tanguyandreani profile image
Tanguy Andreani • Edited
(define (lev a b)
  (define (lev_ i j)
    (cond
      ((zero? (min i j))
       (max i j))
      (else
       (min (+ 1 (lev_ (- i 1) j))
            (+ 1 (lev_ i (- j 1)))
            (+ (if (char=? (string-ref a i) (string-ref b j))
                   0
                   1)
               (lev_ (- i 1) (- j 1)))))))
  (lev_ (- (string-length a) 1) (- (string-length b) 1)))

(define (mostSimilar arr word)
  (define (mostSimilar_ arr acc_word acc_lev)
    (cond
      ((null? arr) acc_word)
      (else
       (let ((new_lev (lev (car arr) word)))
         (if (> acc_lev new_lev)
           (mostSimilar_ (cdr arr) (car arr) new_lev)
           (mostSimilar_ (cdr arr) acc_word acc_lev))))))
  (mostSimilar_ (cdr arr) (car arr) (lev (car arr) word)))

(format #t "Result: ~a~%"
  (mostSimilar
    (list "strawberry" "bean" "banana" "cherry")
    "berry"))

Sorry I typed on my phone.

Will optimise The levenstein function asap. Right now Tail call optimization doesn’t apply.

Collapse
craigmc08 profile image
Craig McIlwrath

Haskell:

lev :: (Eq a) => [a] -> [a] -> Int
lev a b = let memoed = [ [ lev' levmemo i' j' | j' <- [0..] ] | i' <- [0..] ]
              levmemo i j = memoed !! i !! j
          in levmemo (length a) (length b)
          where lev' f i j
                  | min i j == 0 = max i j
                  | otherwise = let n = f (i-1) j + 1
                                    m = f i (j-1) + 1
                                    q = f (i-1) (j-1) + if (a!!(i-1)) == (b!!(j-1)) then 0 else 1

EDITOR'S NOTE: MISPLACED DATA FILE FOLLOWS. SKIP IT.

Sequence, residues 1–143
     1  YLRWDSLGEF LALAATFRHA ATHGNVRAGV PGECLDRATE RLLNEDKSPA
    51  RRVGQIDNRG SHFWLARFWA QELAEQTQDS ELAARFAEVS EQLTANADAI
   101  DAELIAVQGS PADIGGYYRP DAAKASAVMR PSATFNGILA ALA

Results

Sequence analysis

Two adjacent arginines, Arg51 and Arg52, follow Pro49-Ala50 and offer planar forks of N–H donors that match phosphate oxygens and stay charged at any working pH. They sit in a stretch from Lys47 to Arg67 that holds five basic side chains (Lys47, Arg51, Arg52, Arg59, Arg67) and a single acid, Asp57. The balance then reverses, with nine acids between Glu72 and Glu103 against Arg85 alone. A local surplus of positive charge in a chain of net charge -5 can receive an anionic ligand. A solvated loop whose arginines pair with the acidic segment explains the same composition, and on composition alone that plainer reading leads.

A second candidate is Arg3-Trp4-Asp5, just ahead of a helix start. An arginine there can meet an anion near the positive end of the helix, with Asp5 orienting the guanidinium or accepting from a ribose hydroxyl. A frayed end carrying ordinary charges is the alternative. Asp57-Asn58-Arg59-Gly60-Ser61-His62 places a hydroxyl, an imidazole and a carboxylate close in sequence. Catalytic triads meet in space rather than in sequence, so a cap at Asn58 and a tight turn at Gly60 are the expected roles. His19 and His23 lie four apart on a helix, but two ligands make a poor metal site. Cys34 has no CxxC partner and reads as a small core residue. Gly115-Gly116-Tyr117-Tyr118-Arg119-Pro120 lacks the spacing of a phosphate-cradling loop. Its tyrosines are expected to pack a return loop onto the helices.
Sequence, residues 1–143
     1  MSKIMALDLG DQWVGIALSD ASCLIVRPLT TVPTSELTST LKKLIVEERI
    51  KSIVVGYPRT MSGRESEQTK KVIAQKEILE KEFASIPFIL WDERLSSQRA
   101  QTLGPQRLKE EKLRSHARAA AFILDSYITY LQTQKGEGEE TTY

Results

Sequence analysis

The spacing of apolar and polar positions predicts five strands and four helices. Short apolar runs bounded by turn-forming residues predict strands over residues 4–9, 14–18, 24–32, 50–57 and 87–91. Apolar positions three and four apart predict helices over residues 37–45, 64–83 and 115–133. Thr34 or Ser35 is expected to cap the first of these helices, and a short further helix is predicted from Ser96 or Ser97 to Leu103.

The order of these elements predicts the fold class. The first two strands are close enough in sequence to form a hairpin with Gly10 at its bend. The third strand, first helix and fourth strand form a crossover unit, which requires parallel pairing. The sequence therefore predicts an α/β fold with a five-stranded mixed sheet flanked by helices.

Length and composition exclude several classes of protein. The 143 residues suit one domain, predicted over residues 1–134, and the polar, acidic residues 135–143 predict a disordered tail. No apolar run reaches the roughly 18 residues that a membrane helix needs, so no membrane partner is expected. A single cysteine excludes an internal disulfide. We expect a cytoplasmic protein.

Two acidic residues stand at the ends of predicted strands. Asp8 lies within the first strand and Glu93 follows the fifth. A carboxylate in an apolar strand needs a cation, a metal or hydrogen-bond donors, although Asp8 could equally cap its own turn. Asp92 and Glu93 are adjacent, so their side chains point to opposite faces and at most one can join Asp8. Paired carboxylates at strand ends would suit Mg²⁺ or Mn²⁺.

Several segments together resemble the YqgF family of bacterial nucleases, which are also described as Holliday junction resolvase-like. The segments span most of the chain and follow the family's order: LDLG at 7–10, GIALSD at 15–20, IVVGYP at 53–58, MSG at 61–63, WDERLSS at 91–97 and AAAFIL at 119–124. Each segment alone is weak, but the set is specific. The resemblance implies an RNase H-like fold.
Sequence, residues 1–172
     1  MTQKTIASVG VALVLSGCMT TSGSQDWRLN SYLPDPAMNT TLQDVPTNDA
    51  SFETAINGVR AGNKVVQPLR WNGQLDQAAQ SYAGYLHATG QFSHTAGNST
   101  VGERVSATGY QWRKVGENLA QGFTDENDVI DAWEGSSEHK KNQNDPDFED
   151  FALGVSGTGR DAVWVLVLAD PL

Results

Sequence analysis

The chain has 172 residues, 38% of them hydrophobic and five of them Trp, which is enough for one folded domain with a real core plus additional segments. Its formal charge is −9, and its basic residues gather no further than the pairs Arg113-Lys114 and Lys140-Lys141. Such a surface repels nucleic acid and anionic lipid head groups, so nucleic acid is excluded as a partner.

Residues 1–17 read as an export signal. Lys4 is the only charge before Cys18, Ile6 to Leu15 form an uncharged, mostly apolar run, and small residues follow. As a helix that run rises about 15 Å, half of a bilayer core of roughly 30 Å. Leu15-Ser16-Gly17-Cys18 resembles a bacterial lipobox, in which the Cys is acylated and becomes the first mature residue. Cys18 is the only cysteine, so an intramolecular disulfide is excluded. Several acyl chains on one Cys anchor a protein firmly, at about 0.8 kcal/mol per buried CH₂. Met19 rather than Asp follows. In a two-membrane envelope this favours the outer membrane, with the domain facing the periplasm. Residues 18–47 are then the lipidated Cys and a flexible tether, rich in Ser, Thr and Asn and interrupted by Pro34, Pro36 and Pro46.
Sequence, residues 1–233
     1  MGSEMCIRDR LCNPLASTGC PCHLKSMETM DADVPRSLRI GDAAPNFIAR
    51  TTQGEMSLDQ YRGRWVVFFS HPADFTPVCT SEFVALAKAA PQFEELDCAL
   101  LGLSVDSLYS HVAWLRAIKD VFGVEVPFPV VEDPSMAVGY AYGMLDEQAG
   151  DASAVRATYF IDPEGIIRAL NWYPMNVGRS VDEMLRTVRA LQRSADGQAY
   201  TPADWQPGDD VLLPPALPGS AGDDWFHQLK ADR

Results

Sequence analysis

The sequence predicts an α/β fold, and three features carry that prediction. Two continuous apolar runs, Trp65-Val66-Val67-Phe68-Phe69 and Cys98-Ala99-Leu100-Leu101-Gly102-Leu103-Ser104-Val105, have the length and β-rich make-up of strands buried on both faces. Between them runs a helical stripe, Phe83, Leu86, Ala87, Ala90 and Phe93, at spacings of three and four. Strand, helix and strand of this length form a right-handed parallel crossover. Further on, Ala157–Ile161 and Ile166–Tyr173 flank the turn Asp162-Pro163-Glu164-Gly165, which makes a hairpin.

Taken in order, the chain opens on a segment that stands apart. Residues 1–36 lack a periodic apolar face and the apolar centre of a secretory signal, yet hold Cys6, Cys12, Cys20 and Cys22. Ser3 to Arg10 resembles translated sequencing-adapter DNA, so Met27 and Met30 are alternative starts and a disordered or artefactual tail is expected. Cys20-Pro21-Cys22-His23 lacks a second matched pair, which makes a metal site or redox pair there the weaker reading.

in min n $ min m q

mostSimilar :: (Eq a) => [[a]] -> [a] -> [a]
mostSimilar list word = fst $ foldl1 smallestDistance $ zip list $ map (lev word) $ list
              where smallestDistance a@(minel, mindst) b@(el, dst) =
                      if dst < mindst then b
                      else a

This one was interesting for me: I'm pretty new to haskell and this is my first time playing around with memoization (without memoization, the lev function is absurdly slow).

The lev function is a recursive implementation of the Levenshtein distance from the Wikipedia article

Collapse
brightone profile image
Oleksii Filonenko • Edited

Elixir:

defmodule Closest do
  def find(candidates, word) do
    Enum.min_by(
      candidates,
      &(&1
        |> String.myers_difference(word)
        |> Enum.count())
    )
  end
end

And yes, String.myers_difference/2 is built-in :)

Collapse
hazelowen profile image
hazelowen

There's no validation of the input to decode. Also, I'm not sure if the second test provided for decode is correct. I'm not getting any English words out of it, but my decode function hasn't failed besides that test.
The lev function is a recursive implementation of the Levenshtein distance from the Wikipedia article happy wheels